By Paul Gipe 
Originally published on his blog at wind-works.org .
The world’s semiconductor manufacturers have now waded in with another of a cavalcade of recent reports on why feed-in tariffs are best for spurring investment and innovation in renewable energy.
The reports, papers, and briefing notes on the role of feed-in tariffs are starting to pile up. If reason alone won’t prevail in the North American policy debate maybe the sheer weight of reports will.
The latest is SEMI’s white paper Advancing a Sustainable Solar Future: Policy Principles and Recommended Best Practices for Solar Feed-in Tariffs .
SEMI (Semiconductor Equipment and Materials International) is the trade association representing the semiconductor industry. They’re not exactly bit players on the world stage of industrial development.
The association’s release by its PV Group announcing the report summarizes its contents succinctly.
“The White Paper shows that feed-in tariffs are the single best policy approach to spur growth of the PV industry. The continued spread of national feed-in tariffs that are stable, transparent, and substantial will fuel the rapid PV market growth the world requires and support new investment in the emerging solar economy.”
To reassure reviewers that SEMI was serious about its views on feed-in tariffs, the report opens with a specific statement that the trade group’s board of directors authorized the report.
As any good business report should, the white paper clearly states SEMI’s position. SEMI “supports the development of feed-in tariffs as the most effective means to ensure sustained growth for the PV industry and rapidly realize the benefits of large-scale solar energy deployment.”
Lest they be labeled cranks on the far margins of energy policy, SEMI was quick to note the “proliferation of feed-in tariffs” globally and that SEMI was “pleased to join other industry organizations that support feed-in tariffs, such as the International Solar Energy Society (ISES), the European Photovoltaic Industries Association, Solar Alliance, and many others.”
The heart of SEMI’s report are simple clear explanations of key design features of successful feed-in tariff policies that policy makers can emulate. These “best practices” include.
- tariffs differentiated by technology,
- tariffs based on the cost of generation,
- equitable rules on interconnection and the sale of generation,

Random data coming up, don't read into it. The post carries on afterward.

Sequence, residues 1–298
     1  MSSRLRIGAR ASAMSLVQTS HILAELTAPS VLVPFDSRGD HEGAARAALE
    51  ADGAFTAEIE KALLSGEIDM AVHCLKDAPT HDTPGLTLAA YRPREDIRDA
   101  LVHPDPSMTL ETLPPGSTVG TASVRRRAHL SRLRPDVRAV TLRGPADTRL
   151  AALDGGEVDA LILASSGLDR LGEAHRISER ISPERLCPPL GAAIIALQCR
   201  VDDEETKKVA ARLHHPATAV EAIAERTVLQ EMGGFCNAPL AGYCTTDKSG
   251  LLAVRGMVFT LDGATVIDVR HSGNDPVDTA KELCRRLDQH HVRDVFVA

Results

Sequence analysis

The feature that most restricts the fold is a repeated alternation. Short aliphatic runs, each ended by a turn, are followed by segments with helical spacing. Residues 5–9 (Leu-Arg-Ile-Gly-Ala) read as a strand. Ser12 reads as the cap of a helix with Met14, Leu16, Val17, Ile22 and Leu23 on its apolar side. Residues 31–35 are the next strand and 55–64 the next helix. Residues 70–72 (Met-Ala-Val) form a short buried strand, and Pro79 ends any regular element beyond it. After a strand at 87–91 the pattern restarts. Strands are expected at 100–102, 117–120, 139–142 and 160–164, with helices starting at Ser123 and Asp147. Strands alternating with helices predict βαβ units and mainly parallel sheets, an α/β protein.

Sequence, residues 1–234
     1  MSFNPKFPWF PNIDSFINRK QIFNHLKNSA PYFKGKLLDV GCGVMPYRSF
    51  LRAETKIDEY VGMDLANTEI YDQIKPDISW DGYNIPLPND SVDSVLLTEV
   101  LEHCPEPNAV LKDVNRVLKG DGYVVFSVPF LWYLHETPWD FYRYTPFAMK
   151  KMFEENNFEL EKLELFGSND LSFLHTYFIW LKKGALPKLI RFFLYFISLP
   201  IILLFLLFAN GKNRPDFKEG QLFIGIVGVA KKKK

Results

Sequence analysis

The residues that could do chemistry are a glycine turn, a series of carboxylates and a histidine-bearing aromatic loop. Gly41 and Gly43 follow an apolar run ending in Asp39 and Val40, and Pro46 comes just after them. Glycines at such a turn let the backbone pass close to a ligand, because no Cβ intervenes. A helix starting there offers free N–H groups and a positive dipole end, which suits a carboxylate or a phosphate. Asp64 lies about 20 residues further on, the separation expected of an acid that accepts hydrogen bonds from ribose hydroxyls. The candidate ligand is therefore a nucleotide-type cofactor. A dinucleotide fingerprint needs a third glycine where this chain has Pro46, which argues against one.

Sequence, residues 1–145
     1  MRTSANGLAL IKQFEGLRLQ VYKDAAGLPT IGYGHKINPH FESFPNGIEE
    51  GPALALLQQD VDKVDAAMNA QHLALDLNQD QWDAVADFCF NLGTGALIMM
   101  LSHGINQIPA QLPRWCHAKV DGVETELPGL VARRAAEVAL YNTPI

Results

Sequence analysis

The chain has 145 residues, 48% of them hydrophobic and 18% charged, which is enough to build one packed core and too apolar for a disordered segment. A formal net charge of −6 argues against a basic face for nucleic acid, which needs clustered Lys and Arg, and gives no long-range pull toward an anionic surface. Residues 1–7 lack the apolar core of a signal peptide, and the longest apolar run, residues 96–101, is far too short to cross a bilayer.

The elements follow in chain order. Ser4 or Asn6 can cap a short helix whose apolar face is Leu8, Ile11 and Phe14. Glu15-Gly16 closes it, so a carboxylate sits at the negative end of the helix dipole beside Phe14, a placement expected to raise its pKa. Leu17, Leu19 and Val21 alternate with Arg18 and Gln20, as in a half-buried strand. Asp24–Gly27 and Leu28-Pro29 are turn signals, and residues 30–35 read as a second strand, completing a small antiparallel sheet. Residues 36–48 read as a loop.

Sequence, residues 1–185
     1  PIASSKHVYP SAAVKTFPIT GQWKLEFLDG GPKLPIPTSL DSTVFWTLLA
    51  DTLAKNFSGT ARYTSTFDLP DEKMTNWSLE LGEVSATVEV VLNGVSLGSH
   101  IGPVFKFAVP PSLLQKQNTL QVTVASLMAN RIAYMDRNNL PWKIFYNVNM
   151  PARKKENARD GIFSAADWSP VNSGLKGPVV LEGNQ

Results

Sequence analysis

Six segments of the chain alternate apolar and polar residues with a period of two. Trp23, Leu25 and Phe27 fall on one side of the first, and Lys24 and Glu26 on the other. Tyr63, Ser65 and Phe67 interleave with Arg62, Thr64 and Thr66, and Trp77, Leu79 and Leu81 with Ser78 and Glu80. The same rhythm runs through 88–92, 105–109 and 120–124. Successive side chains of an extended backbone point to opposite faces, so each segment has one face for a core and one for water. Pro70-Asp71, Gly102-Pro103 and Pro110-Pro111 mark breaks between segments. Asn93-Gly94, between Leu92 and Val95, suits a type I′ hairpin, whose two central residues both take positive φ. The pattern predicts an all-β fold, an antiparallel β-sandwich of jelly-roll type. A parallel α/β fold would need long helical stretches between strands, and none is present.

- fixed-price tariffs with long-term contracts, and
- predictable degression of the tariffs over time.
The latter is particularly important for solar PV, the most expensive of the new renewable technology being developed today.
In North America, only Ontario, Vermont, and possibly Washington State come close to SEMI’s best practices requirements. Neither California’s so-called feed-in tariff nor the “voluntary” tariffs in the upper Midwest would qualify.
In addition to the best design practices, the report also summarizes the tariffs for solar PV worldwide. While most in the trade are aware of the solar PV tariffs in Germany, France, and Spain, many do not know that the former east block offer far more aggressive tariffs than typically found across North America outside Vermont and Ontario. Here’s a sample of tariffs from the former east block converted to US dollars with the contract terms.
- Bulgaria: $0.62/kWh, 25 years
- Croatia: $0.68/kWh, 12 years
- Czech Republic: $0.74/kWh, 20 years
- Slovakia: $0.41/kWh, 12 years
- Slovenia: $0.61/kWh, 15 years
Even more surprising is what some sunny European countries pay. These are countries that don’t get the same press attention as Spain.
- Italy: $0.71/kWh, 20 years
- Portugal: $0.62/kWh, 15 years
It should be reassuring to Ontarians that SEMI’s research confirms that the Ontario Power Authority’s tariff for rooftop systems less than 10 kW, $0.76 USD/kWh, while higher than anywhere else in North America, is substantially less than that being paid in sunny Italy and Portugal for an equivalent yield.
To reiterate their findings for both the media and policy makers, Dan Martin of SEMI’s PV Group emphasized in their release that “There is now broad consensus among both the renewable energy policy-making and the financial communities that feed-in tariffs are one of the most powerful solar energy policy tools available.”
Policy endorsements don’t get much stronger than that.
The question now becomes how long will we have to wait before the wind and geothermal industries issue similar unequivocal conclusions.